Cholesterol Rx and Stroke: The Effects on Older Patients

Statins and fibrates used to lower cholesterol might lower stroke risk in older patients

/ Author:  / Reviewed by: Joseph V. Madia, MD Beth Bolt, RPh

(RxWiki News) If you have to take a pill for high cholesterol, it would be nice to know that it does double duty. New evidence suggests that for healthy older patients, cholesterol drugs might have some benefits beyond just lowering cholesterol.

New research from France found that medications used in older adults to lower cholesterol may reduce stroke risk. The authors of this study followed people over the age of 65 for several years. They compared the death rate from stroke for those who took statins (brand names Crestor, Lipitor, Zocor) and fibrates (brand name Tricor).

“In other populations more exposed to the risk of stroke, a one third reduction in stroke risk, if confirmed, could have an important effect on public health," said lead study author Dr. Christophe Tzourio, of the University of Bordeaux and Institut National de la Santé et de la Recherche Médicale (INSERM), in a press release.

Sarah Samaan, MD, a board-certified cardiologist and physician partner with the Baylor Heart Hospital in Plano, TX, told dailyRx News that this study is important because it looked at older adults taking statins.

"Seniors in this age group are often excluded from participating in larger scale trials of medications, so it's great that we have an opportunity to discover what impact statin use can have in older folks when prescribed in a typical fashion ... the fact that statin drugs appeared to reduce the risk by 30% may have far reaching implications not only in terms of lives saved, but also disability avoided and quality of life preserved," Dr. Samaan said.

Dr. Samaan added, "We often hear about negative side effects of commonly prescribed medications like statins, yet it's important to understand why the drugs are prescribed, and what benefits they may have in different groups of people. This particular population was apparently relatively healthy at the outset, as none of them had underlying cardiovascular disease when the study began."

In high-income countries, heart disease and stroke are some of the most common causes of death in older patients.

Most clinical trials of heart disease medications do not include older adults. Many older adults are prescribed medications to lower their cholesterol, however.

Dr. Tzourio and colleagues decided to research whether stroke deaths declined when healthy older people took cholesterol-lowering drugs. These researchers tracked over 7,000 men and women with no known history of heart attack or stroke.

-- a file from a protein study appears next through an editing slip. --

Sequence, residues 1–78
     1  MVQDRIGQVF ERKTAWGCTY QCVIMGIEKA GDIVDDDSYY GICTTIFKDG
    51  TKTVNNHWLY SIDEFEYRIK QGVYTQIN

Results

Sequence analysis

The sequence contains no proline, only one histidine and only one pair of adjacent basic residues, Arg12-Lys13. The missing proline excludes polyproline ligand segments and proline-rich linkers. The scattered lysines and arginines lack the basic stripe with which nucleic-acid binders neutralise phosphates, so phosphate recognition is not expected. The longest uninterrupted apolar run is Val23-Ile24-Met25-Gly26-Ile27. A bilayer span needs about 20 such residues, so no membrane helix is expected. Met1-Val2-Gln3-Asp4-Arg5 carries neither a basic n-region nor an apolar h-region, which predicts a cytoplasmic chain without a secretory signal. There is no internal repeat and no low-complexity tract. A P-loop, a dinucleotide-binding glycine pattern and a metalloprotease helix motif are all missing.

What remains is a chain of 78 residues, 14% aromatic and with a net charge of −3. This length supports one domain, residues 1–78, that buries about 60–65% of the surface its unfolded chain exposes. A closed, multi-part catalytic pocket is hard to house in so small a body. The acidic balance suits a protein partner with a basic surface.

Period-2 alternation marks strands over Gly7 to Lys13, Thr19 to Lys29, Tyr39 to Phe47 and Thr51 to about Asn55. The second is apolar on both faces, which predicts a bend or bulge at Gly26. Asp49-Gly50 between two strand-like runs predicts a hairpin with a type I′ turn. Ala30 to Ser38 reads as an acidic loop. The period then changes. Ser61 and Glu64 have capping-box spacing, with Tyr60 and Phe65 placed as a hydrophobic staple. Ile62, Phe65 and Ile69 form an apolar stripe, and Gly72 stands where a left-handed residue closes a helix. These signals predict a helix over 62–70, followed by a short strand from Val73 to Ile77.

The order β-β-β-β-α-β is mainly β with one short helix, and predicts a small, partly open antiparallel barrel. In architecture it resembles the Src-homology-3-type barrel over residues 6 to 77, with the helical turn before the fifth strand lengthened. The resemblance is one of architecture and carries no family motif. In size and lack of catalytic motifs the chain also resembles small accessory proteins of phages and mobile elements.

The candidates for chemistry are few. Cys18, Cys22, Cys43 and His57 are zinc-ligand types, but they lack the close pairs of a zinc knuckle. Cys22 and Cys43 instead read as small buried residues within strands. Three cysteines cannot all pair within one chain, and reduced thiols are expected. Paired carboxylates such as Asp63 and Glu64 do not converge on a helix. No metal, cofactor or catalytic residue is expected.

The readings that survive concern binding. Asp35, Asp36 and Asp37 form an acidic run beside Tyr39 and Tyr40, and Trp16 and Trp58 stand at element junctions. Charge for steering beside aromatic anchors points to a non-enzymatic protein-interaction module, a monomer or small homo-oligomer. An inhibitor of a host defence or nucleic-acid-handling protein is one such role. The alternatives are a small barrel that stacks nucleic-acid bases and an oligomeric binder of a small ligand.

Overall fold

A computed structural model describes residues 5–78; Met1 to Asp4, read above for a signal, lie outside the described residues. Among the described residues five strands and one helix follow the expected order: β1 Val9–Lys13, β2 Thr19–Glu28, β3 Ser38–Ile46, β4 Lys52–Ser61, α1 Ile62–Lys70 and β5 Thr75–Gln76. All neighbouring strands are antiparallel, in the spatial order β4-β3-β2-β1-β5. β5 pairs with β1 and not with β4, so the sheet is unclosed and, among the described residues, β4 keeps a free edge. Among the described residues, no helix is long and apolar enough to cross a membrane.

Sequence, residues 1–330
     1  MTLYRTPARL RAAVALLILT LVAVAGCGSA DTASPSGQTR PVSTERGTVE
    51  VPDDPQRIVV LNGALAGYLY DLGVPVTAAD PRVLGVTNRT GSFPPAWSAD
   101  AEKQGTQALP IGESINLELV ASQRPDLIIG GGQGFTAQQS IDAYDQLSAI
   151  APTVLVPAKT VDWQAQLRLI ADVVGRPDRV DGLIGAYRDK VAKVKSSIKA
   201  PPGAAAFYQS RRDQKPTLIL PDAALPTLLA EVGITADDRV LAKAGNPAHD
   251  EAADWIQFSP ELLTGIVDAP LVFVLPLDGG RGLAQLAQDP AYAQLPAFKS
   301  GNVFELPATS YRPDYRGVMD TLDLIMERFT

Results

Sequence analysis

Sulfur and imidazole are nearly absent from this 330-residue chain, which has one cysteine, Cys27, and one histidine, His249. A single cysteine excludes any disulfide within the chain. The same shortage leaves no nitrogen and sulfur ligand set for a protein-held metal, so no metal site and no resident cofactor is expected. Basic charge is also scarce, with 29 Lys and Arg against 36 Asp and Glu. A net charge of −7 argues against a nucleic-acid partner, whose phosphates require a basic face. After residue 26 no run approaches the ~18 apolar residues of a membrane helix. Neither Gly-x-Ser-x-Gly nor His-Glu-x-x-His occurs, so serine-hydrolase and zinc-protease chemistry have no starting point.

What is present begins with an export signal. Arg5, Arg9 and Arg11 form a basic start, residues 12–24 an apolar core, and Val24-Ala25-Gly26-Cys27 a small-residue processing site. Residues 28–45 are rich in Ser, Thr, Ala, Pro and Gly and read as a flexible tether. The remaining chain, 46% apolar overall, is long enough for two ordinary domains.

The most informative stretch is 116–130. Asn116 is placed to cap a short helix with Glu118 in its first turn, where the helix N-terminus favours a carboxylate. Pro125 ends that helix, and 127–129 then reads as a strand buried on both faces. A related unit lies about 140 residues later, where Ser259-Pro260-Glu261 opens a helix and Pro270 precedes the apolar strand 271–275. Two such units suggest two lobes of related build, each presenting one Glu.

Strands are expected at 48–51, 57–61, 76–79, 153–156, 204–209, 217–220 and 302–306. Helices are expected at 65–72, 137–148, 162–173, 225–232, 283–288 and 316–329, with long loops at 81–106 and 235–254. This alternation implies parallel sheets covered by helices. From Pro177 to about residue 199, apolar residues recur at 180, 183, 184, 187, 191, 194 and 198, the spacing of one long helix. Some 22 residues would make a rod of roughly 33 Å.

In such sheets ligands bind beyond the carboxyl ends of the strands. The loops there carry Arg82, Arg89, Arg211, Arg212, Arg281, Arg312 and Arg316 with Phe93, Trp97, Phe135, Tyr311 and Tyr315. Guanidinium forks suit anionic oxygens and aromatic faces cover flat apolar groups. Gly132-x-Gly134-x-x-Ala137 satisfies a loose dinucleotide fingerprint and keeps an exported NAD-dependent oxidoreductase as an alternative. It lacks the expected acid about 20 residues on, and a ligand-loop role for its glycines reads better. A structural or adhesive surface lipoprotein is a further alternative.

In addition to looking at data about the patients’ medications, Dr. Tzourio and team tracked health status. They also tracked education, income, occupation and lifestyle. Patients were followed for an average of nine years.

Dr. Tzourio and team found that the use of cholesterol-lowering medications may decrease stroke risk by 30 percent.

“This is the first observational study to describe a significant association between use of lipid lowering drugs and decreased risk of stroke … the results are sufficiently compelling to justify further research testing the hypothesis that lipid lowering may be effective in the primary prevention of stroke in older people," wrote Dr. Graeme J. Hankey, professor of neurology at the University of Western Australia, in an editorial about this study.

Dr. Hankey added, "Meanwhile, for clinicians and patients, the decision to start statins for primary prevention of vascular disease in people over 75 continues to be based on sound clinical judgment after consideration of each person’s predicted vascular risk without and with statins, the predicted risk of adverse effects of statins.”

Dr. Samaan said the findings of the current study affirm her thoughts on cholesterol-lowering drugs.

"This study won't change my practice, but it does give me added reason to feel good about prescribing statins for the most elderly of patients," Dr. Samaan said.

The study and editorial were published May 19 in The BMJ.

Several sources funded this research, such as INSERM, the Victor Segalen-Bordeaux II University and Sanofi-Aventis, which makes cholesterol-lowering drugs.

Several authors disclosed potential conflicts of interest. Dr. Annick Alpérovitch received honorariums for reviewing research projects for the French National Medicines Agency and others. Dr. Stéphanie Debette received research support from the Agence Nationale de la Recherche and the Fondation Leducq. Dr. Tzourio received research support from Agence Nationale de la Recherche and Fondation Plan Alzheimer. Dr. Tobias Kurth received funds from the French National Research Agency and the National Institutes of Health, among others.

Review Date: 
May 18, 2015
Last Updated:
May 19, 2015